Cornwall, VT, November 16, 2010 --(PR.com
)-- A report prepared by the University of Michigan found positive outcomes for rural students engaged in the school-college partnerships created by College For Every Student
(CFES), a non-profit organization that prepares underrepresented students for academic success in college.
CFES partners K-12 schools with colleges to implement three primary core practices:
· Pathways to College-- college visits, and partnerships with colleges and college students.
· Peer Mentoring—mentee/mentor relationships.
· Leadership Through Service—leadership development workshops and community service.
CFES core practices “provide a compelling model for building college knowledge in schools serving underrepresented students,” said Professor Edward P. St. John, a professor of higher education at the University of Michigan who authored the report.
Professor St. John and his doctoral students visited five rural schools in New York and Florida in May 2010 where they interviewed middle and high school students, educators and community leaders. The University of Michigan team found that student engagement in CFES:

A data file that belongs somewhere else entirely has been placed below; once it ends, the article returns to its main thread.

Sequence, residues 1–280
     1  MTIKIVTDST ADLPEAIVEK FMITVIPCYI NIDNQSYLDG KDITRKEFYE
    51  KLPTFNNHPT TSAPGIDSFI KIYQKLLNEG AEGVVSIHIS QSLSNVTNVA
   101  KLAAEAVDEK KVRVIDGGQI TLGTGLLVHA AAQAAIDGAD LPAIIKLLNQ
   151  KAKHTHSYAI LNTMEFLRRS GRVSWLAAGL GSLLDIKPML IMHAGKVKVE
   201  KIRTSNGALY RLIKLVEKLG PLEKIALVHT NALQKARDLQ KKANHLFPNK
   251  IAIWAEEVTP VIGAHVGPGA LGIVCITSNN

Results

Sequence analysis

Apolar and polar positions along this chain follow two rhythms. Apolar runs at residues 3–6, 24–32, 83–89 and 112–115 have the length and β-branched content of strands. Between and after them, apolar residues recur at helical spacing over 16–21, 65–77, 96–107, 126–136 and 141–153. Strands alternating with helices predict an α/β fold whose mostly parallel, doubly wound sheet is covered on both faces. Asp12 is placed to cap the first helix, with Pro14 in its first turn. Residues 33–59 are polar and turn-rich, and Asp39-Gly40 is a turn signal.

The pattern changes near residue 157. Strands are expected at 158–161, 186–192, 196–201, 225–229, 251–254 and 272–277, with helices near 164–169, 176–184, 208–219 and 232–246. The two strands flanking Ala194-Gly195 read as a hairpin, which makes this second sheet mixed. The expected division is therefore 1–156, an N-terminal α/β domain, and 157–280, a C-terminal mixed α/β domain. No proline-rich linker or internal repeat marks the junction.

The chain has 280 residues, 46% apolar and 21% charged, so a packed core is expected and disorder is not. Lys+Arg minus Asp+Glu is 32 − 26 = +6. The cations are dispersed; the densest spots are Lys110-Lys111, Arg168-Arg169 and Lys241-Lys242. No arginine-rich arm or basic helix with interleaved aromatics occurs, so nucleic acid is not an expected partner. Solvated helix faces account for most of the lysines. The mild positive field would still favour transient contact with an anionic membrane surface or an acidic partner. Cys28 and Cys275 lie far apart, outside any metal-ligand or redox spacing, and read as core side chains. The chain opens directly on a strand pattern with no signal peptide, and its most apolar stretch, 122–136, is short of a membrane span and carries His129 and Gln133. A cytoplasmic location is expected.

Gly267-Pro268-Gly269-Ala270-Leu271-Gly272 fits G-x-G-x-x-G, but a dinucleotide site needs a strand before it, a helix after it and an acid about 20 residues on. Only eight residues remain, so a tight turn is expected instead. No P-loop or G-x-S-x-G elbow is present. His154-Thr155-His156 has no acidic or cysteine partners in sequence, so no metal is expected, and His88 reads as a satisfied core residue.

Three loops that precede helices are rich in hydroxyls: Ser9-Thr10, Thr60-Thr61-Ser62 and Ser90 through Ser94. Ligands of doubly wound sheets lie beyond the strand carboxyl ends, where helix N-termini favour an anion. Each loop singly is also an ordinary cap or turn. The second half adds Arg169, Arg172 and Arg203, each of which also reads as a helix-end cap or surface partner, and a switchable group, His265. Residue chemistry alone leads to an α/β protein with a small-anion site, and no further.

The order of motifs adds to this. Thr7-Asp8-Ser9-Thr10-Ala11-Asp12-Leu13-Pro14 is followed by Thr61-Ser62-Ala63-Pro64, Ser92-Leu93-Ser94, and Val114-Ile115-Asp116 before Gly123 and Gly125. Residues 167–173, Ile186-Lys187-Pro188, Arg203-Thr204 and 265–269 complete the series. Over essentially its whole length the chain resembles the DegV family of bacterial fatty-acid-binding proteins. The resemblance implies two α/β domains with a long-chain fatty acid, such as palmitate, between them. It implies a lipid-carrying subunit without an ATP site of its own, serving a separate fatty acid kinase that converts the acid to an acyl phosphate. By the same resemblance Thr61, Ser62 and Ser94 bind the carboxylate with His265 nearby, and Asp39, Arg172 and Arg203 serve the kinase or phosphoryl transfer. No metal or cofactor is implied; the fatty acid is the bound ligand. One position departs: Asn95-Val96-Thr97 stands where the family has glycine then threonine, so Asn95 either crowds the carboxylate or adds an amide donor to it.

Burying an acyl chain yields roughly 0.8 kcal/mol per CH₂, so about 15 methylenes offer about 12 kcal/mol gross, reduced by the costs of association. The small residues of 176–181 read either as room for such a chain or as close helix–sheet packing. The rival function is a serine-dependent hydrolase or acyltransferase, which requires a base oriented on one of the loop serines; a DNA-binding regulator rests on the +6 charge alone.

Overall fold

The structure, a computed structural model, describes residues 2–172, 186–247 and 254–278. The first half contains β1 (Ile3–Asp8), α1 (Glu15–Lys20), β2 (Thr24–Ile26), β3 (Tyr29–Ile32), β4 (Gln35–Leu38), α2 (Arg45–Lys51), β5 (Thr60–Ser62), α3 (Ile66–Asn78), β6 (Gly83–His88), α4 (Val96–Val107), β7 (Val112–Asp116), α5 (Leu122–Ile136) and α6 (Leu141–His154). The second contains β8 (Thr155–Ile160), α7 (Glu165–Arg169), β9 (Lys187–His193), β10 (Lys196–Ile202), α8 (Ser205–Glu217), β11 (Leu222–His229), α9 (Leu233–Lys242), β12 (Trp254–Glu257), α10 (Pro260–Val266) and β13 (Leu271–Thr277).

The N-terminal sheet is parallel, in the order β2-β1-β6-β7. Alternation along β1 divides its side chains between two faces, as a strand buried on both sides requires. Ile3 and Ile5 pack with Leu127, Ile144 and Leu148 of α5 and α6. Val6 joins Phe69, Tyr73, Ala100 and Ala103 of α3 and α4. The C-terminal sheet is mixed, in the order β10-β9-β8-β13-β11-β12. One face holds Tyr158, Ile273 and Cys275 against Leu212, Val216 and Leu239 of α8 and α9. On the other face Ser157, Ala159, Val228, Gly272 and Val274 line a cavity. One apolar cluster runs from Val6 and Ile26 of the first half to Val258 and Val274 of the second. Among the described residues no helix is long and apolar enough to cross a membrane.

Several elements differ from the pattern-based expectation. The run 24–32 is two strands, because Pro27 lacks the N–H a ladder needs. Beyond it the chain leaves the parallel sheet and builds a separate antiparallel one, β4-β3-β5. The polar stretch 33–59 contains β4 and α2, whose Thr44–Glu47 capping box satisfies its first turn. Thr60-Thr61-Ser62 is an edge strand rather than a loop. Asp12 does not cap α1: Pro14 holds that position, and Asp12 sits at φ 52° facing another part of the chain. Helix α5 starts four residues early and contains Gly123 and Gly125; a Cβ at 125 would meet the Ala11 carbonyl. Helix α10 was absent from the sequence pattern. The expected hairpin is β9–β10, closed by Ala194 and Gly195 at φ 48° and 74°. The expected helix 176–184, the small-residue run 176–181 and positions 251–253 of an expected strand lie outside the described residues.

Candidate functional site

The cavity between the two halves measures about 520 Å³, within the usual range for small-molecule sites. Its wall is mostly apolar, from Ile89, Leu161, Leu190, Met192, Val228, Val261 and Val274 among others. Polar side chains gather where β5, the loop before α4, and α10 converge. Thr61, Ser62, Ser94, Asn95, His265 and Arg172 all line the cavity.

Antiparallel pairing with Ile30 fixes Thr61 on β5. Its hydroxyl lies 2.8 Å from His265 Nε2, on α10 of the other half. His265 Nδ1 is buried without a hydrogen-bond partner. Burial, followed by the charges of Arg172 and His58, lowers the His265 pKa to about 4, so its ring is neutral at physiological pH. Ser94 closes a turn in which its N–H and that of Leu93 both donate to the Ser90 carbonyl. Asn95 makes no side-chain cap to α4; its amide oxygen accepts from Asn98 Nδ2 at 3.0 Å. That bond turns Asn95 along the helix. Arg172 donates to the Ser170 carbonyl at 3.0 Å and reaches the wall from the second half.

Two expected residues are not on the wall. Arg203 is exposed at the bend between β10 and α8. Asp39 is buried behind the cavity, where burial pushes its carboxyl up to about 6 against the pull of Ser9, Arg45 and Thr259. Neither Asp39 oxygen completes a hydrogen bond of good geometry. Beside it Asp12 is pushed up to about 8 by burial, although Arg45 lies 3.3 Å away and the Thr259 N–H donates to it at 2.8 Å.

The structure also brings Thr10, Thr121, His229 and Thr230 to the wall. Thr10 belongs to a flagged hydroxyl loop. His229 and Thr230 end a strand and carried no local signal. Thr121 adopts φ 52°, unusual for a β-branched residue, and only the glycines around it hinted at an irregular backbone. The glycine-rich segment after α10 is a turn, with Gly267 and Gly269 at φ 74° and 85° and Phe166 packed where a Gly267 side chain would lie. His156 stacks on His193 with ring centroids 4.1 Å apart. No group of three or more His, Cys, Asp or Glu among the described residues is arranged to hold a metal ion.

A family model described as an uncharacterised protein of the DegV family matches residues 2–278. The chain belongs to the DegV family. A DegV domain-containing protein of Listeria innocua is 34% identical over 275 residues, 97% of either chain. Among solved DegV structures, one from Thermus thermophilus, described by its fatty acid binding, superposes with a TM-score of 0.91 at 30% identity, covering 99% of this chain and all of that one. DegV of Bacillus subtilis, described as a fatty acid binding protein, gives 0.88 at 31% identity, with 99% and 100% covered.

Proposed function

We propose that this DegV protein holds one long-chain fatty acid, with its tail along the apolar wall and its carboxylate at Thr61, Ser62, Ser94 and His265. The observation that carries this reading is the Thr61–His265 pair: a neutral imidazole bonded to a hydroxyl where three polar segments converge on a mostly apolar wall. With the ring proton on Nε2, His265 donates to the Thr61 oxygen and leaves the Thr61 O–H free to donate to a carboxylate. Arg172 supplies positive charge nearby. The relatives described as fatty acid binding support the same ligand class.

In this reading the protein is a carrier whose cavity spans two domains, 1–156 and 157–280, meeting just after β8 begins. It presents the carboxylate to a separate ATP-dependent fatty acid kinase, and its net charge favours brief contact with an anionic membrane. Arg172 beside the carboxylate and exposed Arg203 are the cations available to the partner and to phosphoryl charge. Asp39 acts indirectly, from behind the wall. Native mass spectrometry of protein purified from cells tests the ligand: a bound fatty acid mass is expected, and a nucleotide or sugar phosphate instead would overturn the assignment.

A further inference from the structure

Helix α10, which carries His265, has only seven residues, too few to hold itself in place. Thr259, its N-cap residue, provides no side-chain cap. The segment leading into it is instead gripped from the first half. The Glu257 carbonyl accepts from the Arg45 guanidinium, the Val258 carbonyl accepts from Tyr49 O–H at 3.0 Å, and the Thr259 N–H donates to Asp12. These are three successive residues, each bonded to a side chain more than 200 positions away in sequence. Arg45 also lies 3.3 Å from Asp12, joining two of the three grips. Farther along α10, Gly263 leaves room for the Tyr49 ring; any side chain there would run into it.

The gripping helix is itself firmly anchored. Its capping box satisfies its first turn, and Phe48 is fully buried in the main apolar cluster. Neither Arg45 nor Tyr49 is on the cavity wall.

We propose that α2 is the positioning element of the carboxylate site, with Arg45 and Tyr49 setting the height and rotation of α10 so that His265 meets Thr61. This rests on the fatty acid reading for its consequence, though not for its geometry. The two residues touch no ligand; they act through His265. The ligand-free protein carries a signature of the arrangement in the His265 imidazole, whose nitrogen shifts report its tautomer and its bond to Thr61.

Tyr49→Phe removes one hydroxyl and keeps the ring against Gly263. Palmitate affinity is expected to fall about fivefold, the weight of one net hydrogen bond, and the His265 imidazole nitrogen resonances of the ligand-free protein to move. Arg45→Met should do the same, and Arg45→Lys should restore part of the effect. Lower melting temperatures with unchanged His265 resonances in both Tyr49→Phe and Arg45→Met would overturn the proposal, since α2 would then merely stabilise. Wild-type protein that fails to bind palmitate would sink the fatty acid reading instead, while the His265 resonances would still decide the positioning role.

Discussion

· Eased student and parent concerns about college costs, a factor that prevents students from considering college.
· Encouraged students to apply for financial aid.
· Provided social support networks for students that encouraged preparation for college.
· Built navigational skills through mentoring and leadership programs that helped students make informed choices about college.
· Provided opportunities to build trustworthy information about college to counter information from families and communities that might not encourage college as an option.
· Enabled students to develop college knowledge through reflective conversations about college visits and other programs.
· Provided a foundation for educational uplift for students and families within their rural communities.
Students in rural areas face unique barriers to college-going, including mistrust of education, familial responsibilities, and parental fear of kids leaving the community or family businesses, according to the report.
The researchers found that CFES gave rural students “a new reality” by helping them “imagine themselves in college because they could understand the options available.”
“Its lack of opportunity, not ability, that keeps underserved kids from college,” said Rick Dalton, CEO of CFES. “By creating a cultural of college for these students, we help them envision possibilities for themselves, for college and beyond.”